The long-standing traditional view, once widely accepted,[by whom?] is that Celtic language, Ogham script and culture were brought to Ireland by waves of invading or migrating Celts from mainland Europe. This theory draws on the Lebor Gabála Érenn, a medieval Christian pseudo-history of Ireland along with the presence of Celtic culture, language and artefacts found in Ireland such as Celtic bronze spears, shields, torcs and other finely crafted Celtic associated possessions. The theory holds that there were four separate Celtic invasions of Ireland. The Priteni were said to be the first, followed by the Belgae from northern Gaul and Britain. Later, Laighin tribes from Armorica (present-day Brittany) were said to have invaded Ireland and Britain more or less simultaneously. Lastly, the Milesians (Gaels) were said to have reached Ireland from either northern Iberia or southern Gaul. It was claimed that a second wave named the Euerni, belonging to the Belgae people of northern Gaul, began arriving about the sixth century BC. They were said to have given their name to the island.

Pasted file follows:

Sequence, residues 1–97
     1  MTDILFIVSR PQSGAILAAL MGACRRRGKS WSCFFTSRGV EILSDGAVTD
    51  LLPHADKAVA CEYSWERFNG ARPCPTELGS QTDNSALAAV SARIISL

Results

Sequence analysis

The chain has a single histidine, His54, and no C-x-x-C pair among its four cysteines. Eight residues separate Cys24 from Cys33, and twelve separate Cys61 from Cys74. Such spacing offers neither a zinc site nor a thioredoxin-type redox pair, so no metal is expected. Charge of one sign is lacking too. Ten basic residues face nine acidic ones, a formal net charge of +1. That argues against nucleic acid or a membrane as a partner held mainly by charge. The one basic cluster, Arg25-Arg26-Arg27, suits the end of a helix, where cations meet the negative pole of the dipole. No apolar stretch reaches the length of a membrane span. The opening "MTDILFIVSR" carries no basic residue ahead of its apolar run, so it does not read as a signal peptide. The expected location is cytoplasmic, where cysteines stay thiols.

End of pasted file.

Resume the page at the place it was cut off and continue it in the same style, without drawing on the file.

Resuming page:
A more recent theory, with broad support among archaeologists, is that Celtic culture and language arrived in Ireland as a result of cultural diffusion. This theory proposes that the Celticisation of Ireland may have been the culmination of a long process of social and economic interaction between Ireland, Britain and adjacent parts of Continental Europe.